Sarracenia Insanity! My pilgrimage to the Asylum

If you’ve searched carnivorous plants online at all, you may have come across a blog known as The Pitcher Plant Project. My pal Rob Co is the owner of said blog, and the greenhouse in which he houses his plants is affectionately known as The Asylum (I love it!). My friend Megan is also a friend of Rob’s and visited the area last weekend! The three of us got together and spent a few hours in carnivorous plant insanity paradise!

It’s been a dream for me to visit a personal collection like at the Asylum since I first got into carnivorous plants. Please enjoy my MANY photos from the visit below!

An S. leucophylla, which I believe was ‘Helmut’s Delight’.

Sarracenia leucophylla. North American pitcher plant.


An S. alata, possibly Maroon Throat? I was really not paying attention to names and species as I was shooting!
Sarracenia. North American pitcher plant.


More leucophylla goodness!

Sarracenia leucophylla. North American pitcher plant.


Oh hai, Rob!

the-pitcher-plant-project-asylum (4 of 23)


Lots of Drosera stickiness at the Asylum too!

Drosera binata, Fork-leafed sundew.


Utricularia reniformis

Utricularia Reneformis


Lots of succulent love too! I especially enjoyed this red Crassula beauty.

Crassula succulent


Anthocyanin-free goodness! I believe these were the courtii AF x venosa AF crosses that Rob made.

Anthocyanin-free. Sarracenia. North American pitcher plant.


Look at that color contrast! A form of S. excellens, I believe?

Sarracenia. North American pitcher plant.


I’m a sucker for red/green contrast like this, too!

Sarracenia. North American pitcher plant.


The one and only S. x ‘Legacy’!

Sarracenia. North American pitcher plant.

Sarracenia minor goodness!

Sarracenia minor. North American pitcher plant.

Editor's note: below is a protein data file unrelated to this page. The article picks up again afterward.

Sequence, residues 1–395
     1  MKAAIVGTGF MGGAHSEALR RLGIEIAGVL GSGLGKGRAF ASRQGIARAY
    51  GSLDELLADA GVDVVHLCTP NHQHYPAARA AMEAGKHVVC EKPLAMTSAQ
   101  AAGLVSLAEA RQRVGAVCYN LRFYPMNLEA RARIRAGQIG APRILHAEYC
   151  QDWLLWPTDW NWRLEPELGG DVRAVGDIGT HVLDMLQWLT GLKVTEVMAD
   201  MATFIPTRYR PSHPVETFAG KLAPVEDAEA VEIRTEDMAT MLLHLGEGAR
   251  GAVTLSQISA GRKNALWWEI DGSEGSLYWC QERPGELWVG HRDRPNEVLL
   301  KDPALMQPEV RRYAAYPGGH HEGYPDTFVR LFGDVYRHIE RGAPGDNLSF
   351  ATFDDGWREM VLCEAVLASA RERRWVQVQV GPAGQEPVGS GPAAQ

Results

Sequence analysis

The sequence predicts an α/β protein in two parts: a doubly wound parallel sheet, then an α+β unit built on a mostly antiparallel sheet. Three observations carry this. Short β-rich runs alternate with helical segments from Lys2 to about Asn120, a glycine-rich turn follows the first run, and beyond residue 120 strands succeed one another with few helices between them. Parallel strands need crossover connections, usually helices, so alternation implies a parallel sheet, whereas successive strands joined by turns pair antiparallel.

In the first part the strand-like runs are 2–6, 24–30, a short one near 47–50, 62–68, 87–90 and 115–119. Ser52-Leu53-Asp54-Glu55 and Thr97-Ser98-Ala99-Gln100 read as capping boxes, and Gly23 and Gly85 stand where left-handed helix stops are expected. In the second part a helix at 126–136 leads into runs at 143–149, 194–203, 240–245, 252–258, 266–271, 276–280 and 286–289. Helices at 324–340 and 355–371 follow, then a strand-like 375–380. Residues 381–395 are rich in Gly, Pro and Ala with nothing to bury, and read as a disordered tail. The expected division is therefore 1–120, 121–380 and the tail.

Pretty Tillandsia, too!

Tillandsia air plant.

Snails don’t seem to bother this Nepenthes!

Sarracenia. North American pitcher plant and snail friend.

Ahhh, Heliamphora!

Heliamphora. Sun pitcher carnivorous plant.


And this where my lack of Nepenthes knowledge really shows. Uhh, N. sibuyanensis? 

Sarracenia. North American pitcher plant.


An aristo hybrid, right? ‘Cause the pitcher opening is on the side instead of the top! the-pitcher-plant-project-asylum (1 of 1)-2


Lil’ neps with lil’ helis!

Sarracenia. North American pitcher plant.


That one Nepenthes with the awesome candy-striped peristome, am I right??Nepenthes Asian pitcher plant


Also some very pretty orchid flowers I’ve seen on Pinterest quite often, but don’t know the name of!

Orchid flowers


Look at all those baby brontosauruses! The Sarracenia seedling tables was one of my favorites! They’re probably the cutest things in existence.

Sarracenia. North American pitcher plant seedlings


Hashtag sexy sarracenia, holla!

Sarracenia. North American pitcher plant.


Well hello there, handsome!

Sarracenia hybrid. North American pitcher plant.


Rob’s also got a sweet collection of Dionaea! Look at how red these pretties are!Venus Flytrap. Dionaea Muscipula

Venus Flytrap. Dionaea Muscipula


I wanna say this is S. x ‘Green Monster’.

Anthocyanin free Sarracenia. Green monster.